The Dortmund and Bochum Sealsfield Symposium will place an emphasis on American Studies. Symposia topics of the past decade have dealt with bio­gra­phical questions and their implications for Sealsfield’s work; his place in the relevant spectrum of European 19th century novels including imagological issues; as well as trans­atlan­tic fields of research. Common to all has been a predominantly Germanist, Europe-centered orientation. The symposium will be organized in cooperation between American Literary and Cultural Studies (Walter Grünzweig, Dortmund) and the History of North America and its Transcultural Context (Rebecca Brückmann, Ruhr-Universität Bochum). Germanist/German Studies and Comparatist contributions will thus come into in dialogue with American Studies topically, methodologically and theoretically. Accordingly, the symposium will deal with aspects of ethnicity, race (especially slavery), gender, sexuality and the environment in Charles Sealsfield’s work. Beyond this focus on American society, it will take up the role of the United States as a composite nation in a global political situation, especially its exceptionalist position so characteristic of Sealsfield. The Symposium will evaluate Sealsfield’s position in an inclusive, American(ist), but also world literary canon and thereby also emphasize his role in a new, multiethnically and multiculturally oriented field and canon of German literature and literary studies. Sealsfield’s work is resonant with a series of current issues, including questions of climate (the representation of nature, especially the U.S. South, in Sealsfield’s works), the Trump presidency (particularly the significance of the personality and politics of President Andrew Jackson, an explicit role model for President Trump), or — connected to that presidency — the politicization of poor evangelical segments of the country. This symposium will offer a forum for dialog between a new generation of researchers and estab­lished Sealsfield scholars. Beyond this, one section of the symposium provides an opportu­ni­ty for advanced students of all fields to discuss their interests and questions relating to Seals­field’s work. The conference organizers will give financial support for students’ attendance and emphatically invite them to participate.

    Proposals should be submitted by 1 May 2020 to the conference organizers, who are also glad to answer additional questions: Walter.Gruenzweig@udo.edu, Rebecca.Brueckmann@rub.de.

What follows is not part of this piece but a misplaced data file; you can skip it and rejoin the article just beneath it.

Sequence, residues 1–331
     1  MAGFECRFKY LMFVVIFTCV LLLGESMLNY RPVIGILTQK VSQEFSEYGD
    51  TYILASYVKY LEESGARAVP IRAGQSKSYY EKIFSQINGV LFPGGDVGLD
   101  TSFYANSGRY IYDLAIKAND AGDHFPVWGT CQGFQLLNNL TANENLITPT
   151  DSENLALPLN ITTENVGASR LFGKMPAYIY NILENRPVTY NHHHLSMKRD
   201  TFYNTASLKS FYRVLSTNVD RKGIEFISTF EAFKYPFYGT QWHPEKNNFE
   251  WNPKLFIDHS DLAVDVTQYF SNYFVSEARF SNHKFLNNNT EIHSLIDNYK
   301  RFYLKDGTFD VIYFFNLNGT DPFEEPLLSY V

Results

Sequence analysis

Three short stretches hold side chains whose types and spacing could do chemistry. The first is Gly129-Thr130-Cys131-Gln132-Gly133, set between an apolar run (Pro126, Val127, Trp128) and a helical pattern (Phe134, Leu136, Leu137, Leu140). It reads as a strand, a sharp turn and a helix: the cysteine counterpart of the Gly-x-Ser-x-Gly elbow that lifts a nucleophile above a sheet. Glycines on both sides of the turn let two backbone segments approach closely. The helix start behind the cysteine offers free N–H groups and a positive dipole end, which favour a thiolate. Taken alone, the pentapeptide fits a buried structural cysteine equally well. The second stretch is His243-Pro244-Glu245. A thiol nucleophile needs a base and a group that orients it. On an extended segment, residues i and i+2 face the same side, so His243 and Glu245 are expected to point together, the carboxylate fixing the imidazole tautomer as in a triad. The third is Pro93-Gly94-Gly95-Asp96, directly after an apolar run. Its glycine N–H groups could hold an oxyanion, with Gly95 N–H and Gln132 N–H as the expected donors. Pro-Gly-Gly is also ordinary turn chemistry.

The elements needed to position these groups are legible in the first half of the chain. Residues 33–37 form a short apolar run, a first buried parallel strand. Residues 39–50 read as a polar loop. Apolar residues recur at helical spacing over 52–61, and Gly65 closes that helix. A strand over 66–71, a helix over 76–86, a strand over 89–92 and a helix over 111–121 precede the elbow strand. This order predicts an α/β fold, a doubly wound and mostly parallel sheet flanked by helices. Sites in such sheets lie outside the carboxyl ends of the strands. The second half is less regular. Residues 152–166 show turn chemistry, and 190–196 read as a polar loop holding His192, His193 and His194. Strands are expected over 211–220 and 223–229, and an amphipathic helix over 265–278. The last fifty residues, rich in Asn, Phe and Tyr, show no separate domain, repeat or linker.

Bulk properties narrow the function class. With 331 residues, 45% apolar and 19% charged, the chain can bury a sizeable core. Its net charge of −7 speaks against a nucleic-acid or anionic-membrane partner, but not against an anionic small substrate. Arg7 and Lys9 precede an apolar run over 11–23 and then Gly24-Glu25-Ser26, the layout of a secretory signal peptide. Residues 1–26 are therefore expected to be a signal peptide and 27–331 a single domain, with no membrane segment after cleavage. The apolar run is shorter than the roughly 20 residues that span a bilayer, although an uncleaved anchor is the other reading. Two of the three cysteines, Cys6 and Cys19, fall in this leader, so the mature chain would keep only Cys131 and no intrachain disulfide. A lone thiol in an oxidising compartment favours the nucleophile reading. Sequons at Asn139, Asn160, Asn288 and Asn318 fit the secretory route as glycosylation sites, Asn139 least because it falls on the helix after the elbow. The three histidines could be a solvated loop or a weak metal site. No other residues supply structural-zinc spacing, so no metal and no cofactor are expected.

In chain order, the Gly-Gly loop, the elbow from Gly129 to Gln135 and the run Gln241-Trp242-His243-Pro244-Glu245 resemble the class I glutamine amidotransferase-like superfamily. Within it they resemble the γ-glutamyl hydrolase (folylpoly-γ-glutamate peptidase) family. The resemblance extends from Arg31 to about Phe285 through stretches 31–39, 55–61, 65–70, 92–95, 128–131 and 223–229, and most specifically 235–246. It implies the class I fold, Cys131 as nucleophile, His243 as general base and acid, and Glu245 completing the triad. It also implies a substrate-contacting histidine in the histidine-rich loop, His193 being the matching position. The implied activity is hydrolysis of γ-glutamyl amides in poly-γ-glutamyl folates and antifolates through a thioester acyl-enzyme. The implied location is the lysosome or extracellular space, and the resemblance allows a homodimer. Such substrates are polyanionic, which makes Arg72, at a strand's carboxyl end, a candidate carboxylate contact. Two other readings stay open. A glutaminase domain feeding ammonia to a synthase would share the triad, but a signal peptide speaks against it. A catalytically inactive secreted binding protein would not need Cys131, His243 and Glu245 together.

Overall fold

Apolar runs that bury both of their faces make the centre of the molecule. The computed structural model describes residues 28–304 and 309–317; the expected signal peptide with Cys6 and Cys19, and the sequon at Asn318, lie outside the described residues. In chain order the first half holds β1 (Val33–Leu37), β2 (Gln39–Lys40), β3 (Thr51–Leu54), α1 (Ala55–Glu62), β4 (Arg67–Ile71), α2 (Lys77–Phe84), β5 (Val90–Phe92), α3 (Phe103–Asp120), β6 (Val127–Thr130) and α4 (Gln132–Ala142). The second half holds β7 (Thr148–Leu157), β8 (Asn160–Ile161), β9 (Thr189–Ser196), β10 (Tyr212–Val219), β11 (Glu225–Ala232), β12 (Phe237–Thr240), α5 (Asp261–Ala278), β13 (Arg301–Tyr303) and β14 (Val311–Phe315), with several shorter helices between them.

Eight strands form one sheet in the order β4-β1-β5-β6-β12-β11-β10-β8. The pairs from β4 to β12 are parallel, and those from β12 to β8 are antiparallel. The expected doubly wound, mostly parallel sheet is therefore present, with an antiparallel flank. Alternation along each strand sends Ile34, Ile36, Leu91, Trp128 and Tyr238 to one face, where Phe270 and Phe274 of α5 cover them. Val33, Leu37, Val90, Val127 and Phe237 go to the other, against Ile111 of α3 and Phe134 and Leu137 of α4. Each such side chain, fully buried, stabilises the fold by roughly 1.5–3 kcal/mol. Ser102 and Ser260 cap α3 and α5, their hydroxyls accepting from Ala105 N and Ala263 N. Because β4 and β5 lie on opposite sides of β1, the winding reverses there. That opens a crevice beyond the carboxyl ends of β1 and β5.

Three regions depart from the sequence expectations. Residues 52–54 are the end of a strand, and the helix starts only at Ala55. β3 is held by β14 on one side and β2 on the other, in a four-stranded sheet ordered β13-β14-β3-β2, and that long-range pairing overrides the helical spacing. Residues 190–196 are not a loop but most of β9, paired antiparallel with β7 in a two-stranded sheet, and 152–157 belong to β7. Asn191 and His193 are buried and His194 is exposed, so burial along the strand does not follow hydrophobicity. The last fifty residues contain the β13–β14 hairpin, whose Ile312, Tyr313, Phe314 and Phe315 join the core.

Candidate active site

• Blog Launch: "Feminismus - Beyond the Waves"

    In cooperation with PD Dr. Charlotte Lerg


    Students in Jun.-Prof. Dr. Brückmann's and PD Dr. Charlotte Lerg's seminars during the past semester completed their own research projects on the history and memorialization of women's movements in Great Britain and the United States. Their research results - on diverse topics such as suffrage, self-denfese movements, reproductive rights or dress reform - will be published digitally on "Feminismus - Beyond the Waves" (in German).



  • Summer School 2020: "Migration, Inclusion, Marginalization: Transnational Histories of Mobility."

  • Taught with Jun.-Prof. Dr. Juliane Czierpka

    September 21 - October 09, 2020

    You can find more information here.


  • Lecture Series: "Introduction to Postcolonial Histories and Theories," Winter Semester 2019/2020
    Wednesdays, 4-6 P.M., HGA30

    You can find the program of the interdisciplinary lecture series here.


  • New Publication (April 2019)
    "Citizens' Councils, Conservatism, and White Supremacy in Louisiana, 1964-1972,” European Journal of American Studies 14, no. 1 (2019), open access

  • Upcoming Talks
    July 20th, 2020
    "William Clark: Entdecker, Versklaver, Diplomat"
    Blue Square, Bochum, Lecture Series "Alle Jubeljahre". More information here (in German).

    October 19th, 2020
    "Black Pink Wave, Rosa Parks and #BlackLivesMatter"
    d.a.i. (Deutsch-Amerikanisches Institut) Tübingen